Opening arguments are set to begin in the case of a man charged with overseeing a prostitution ring. A five-man, three-woman jury was chosen to hear the case after a morning of jury selection.

Steven Santiago Maese, 31, co-owner the Doll House escort service, was charged in 2006 with four counts of exploiting a prostitute, all third-degree felonies, and one count each of money laundering and pattern of unlawful activity, both second-degree felonies.

Then in April, 2008, he was charged in another case with two new counts — witness tampering, a third-degree felony, and stalking, a class A misdemeanor. These charges stem from incidents of alleged harassment of the other Doll House owner, Tiffany French Curtis, 34. That case is a separate matter and is not part of the current jury trial.

Curtis originally was charged with the same crimes as Maese, but she agreed to a plea bargain in February, 2008, on misdemeanor charges and was sentenced to two years probation.

Maese's defense attorney, Gil Athay, has cited that plea agreement was one of the reasons why 3rd District Judge Randall Skanchy should disqualify the Salt Lake District Attorney's Office.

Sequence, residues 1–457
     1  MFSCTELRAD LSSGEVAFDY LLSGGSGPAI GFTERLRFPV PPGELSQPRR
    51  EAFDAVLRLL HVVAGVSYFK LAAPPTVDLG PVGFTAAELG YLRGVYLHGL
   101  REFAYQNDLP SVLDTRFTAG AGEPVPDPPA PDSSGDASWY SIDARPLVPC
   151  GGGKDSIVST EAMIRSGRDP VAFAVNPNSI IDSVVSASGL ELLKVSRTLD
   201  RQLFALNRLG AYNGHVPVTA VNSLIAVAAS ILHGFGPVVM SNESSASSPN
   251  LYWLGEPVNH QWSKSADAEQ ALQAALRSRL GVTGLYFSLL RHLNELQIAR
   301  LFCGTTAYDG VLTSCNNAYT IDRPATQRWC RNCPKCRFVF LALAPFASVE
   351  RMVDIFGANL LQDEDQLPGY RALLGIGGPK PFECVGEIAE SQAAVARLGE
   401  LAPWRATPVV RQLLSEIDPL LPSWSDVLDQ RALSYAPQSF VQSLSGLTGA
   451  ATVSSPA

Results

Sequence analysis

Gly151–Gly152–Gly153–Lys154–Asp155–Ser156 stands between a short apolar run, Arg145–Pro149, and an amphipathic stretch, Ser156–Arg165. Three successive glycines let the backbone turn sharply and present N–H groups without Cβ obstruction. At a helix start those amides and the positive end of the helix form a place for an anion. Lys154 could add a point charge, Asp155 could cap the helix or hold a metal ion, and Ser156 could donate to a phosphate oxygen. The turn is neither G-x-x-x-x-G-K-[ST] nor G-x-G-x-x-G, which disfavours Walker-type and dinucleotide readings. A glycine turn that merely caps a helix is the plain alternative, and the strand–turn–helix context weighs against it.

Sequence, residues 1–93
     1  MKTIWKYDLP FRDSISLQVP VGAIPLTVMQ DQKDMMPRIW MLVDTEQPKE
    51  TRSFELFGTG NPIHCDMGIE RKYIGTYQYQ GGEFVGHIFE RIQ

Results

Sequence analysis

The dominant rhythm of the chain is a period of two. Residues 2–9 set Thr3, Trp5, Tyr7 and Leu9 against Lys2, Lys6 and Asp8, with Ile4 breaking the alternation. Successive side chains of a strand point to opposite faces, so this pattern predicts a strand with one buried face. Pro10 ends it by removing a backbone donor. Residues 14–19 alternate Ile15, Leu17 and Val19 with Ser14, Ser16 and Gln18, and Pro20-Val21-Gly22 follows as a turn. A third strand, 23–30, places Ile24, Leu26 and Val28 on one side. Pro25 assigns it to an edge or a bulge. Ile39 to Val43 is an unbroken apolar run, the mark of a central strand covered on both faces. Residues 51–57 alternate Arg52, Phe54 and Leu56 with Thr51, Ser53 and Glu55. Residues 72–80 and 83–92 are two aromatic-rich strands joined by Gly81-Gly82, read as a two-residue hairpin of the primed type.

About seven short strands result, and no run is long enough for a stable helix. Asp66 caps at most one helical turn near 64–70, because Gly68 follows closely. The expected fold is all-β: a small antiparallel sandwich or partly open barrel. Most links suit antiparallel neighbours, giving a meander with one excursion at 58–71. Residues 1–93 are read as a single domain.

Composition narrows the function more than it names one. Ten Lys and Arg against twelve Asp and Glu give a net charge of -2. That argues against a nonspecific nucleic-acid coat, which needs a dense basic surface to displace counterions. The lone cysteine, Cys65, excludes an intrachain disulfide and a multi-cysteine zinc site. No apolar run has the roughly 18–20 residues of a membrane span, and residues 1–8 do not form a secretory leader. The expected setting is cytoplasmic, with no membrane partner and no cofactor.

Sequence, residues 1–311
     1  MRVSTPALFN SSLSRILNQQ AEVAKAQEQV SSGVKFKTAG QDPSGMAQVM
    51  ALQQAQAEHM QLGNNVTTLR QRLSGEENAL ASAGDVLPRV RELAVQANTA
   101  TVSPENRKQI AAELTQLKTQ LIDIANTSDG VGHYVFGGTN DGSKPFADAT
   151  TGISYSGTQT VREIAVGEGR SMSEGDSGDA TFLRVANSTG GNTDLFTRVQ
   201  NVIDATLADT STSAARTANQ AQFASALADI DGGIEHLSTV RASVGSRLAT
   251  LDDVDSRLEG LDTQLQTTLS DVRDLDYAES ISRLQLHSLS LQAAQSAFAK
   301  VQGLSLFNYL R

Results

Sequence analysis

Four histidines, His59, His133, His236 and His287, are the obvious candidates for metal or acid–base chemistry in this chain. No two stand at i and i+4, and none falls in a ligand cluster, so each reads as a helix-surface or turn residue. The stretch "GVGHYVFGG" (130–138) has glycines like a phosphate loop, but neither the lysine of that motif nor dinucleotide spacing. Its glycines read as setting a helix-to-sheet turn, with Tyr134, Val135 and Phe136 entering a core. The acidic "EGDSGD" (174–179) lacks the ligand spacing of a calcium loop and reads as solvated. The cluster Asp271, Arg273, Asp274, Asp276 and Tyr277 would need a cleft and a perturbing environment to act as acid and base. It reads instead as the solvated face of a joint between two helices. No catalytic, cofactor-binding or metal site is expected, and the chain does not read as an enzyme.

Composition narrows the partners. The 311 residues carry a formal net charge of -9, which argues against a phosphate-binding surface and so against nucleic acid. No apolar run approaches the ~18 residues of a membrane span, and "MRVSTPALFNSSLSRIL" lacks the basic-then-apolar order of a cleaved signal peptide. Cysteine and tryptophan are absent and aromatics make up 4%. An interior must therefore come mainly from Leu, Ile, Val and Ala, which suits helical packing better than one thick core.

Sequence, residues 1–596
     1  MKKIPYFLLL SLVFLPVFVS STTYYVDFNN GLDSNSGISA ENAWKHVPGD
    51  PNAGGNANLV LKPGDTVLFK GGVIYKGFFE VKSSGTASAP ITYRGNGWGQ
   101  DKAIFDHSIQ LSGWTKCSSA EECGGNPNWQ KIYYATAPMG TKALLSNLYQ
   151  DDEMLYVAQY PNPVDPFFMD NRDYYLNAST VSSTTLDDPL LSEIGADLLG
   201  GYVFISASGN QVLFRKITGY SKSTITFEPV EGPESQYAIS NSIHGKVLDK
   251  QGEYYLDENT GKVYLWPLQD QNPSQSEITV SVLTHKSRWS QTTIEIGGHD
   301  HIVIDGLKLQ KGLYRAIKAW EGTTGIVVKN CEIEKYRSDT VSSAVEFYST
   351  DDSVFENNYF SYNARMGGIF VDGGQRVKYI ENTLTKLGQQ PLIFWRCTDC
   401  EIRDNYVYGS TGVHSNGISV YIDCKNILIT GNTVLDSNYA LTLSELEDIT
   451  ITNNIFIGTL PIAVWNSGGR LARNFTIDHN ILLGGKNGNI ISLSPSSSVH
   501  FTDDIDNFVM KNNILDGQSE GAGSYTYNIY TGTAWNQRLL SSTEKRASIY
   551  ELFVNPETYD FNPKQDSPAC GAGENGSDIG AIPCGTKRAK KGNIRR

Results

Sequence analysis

Athay argued that Salt Lake County District Attorney Lohra Miller has taken an active role in Maese's case and made it clear that no plea bargain would be offered to him. The office should not prosecute the case because of Miller's "political and personal vendetta" against Maese, according to Athay.

Prosecutor Chad Platt, however, told the judge it was natural that the district attorney would be involved in the cases her office is prosecuting.

The judge agreed and Skanchy issued a written ruling stating that the trial should proceed as scheduled and he would not disqualify the district attorney's office.

There is a long and bitter history between Maese and Miller.

Maese contends that Miller, who formerly was a prosecutor for Cottonwood Heights, orchestrated a 2006 raid on the Doll House as a publicity stunt to boost her campaign for Salt Lake County District Attorney.

Miller insisted that was not true and that she was simply doing her job by clamping down on sexually oriented businesses that violated the law.

Soon afterwards, Maese helped then-candidate Kent Morgan, a veteran prosecutor in the district attorney's office, with his unsuccessful campaign to become district attorney. Miller won the office and in March, 2008, she fired Morgan, claiming that he had provided inside information to Maese about his case.

Morgan vigorously denied that claim and stated that he was certain this was simply retaliation because he ran for the same office Miller wanted. He is appealing his termination to the Salt Lake County Career Service Council in hearings set for Aug. 18-22.

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